Originally Posted by ManxBerg
I agree with Jmo, in that KTM will want to win with their engine. However I think some of us are looking at the problem from a privateers perspective.
The new 450 rule will, for me, mean that the top teams will have a lot more for the mechanics to do. I applaud Sherco for their attempt at the Dakar this year, but was horrified to hear that they were stripping and rebuilding the motors every night!
You can be sure that next year KTM will be rebuilding motors everynight to make sure their 450 gets to the end. This to the outside world will make the KTM engine look strong and reliable. Proven in the Dakar!
This doesn't help anyone in the short term, but hopefully will lead to more reliable 450's in the future.
Personally I still don't understand who the rule change is mean't to help. The 450's still go fast enough for you to get hurt, and the future privateer will now have a less reliable bike, which probably needs an engine change on the rest day.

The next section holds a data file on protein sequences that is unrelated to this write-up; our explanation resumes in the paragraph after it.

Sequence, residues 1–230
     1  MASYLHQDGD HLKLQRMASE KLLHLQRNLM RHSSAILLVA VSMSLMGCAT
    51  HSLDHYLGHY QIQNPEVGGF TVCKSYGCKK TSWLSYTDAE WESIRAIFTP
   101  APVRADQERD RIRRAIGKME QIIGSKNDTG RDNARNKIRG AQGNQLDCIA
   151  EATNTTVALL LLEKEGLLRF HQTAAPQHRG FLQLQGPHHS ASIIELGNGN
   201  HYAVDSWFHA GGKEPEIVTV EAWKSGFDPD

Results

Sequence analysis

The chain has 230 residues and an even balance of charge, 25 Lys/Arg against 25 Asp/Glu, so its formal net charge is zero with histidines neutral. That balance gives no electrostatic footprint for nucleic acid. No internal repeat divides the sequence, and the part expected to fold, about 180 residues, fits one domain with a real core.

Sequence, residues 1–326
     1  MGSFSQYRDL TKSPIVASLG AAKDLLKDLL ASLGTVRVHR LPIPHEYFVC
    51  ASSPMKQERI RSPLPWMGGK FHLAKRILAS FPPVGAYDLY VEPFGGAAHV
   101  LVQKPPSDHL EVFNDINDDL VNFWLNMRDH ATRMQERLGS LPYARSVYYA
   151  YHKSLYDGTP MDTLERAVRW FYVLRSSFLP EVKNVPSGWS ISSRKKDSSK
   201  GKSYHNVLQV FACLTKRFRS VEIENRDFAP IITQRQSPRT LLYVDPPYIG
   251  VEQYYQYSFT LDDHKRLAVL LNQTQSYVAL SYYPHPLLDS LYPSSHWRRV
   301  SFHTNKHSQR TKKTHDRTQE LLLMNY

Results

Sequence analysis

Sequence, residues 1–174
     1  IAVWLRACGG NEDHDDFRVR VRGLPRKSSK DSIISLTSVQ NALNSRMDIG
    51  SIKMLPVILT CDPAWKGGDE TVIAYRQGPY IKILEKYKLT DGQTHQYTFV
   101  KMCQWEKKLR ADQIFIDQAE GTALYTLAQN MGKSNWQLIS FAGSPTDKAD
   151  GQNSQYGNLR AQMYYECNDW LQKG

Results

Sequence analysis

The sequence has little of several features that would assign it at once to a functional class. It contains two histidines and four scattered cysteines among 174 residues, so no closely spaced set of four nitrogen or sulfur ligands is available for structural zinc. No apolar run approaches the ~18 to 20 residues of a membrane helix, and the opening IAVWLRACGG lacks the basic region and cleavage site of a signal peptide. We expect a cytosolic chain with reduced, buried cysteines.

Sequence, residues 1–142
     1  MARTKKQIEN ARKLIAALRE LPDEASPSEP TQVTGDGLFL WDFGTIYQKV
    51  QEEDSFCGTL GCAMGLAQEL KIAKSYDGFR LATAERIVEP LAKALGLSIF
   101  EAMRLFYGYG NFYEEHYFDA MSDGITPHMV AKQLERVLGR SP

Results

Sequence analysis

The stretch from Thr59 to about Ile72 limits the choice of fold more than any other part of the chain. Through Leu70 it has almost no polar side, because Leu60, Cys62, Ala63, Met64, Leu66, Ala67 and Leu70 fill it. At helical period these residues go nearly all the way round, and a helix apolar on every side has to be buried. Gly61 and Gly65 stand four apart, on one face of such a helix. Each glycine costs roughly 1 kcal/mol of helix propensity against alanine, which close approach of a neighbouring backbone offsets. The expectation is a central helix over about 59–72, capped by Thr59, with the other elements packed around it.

I share your concerns Manxberg - I spent a lot of time (and money) building a 660cc rally bike last year, and now (realistically) I'm going to have to build a 450cc bike, and yet there is nothing out there with the bullet-proof reliability of a large capacity machine (unless I go totally old skool with an XR400 or DRZ400 and a big bore kit...)
However, from talk 'around the paddock' last year when the 450cc rule was introduced, it seems the feeling is that ASO want to limit the number of privateer entries on this rally anyway - we all know that a privateer entry in the bike class is the cheapest way to enter the Dakar, and it's not so much that privateers have more accidents (a lot don't, as their focus is on finishing, not racing at the limit the whole time), or even lack the necessary experiance - rather they want to preserve or even enhance the image that the Dakar is all about the elite
, and 'superhuman', and not least that factory (or sponsored) teams have a lot more money, and will pay extra entry fees for all the additional mechanics they bring with them to ensure success?
I do think the ruling had a lot to do with encouraging other manufacturers (or at least teams willing to field bikes other than KTMs) to enter the race too - whether that happens we'll have to see, although like you say, Sherco did incredibly well for a first time effort - and no wonder they took every precaution to ensure the bike started the next morning!
However, while the bikes still provide a fantastic spectacle, I fear ASO are more interested in the 4 wheeled dollars the major manufacturers bring to the party? One thing is for sure, they aren't going to introduce a rule that makes it easier for anyone, or makes them any less money!
Just a thought to poke the fire around the bivouac mind...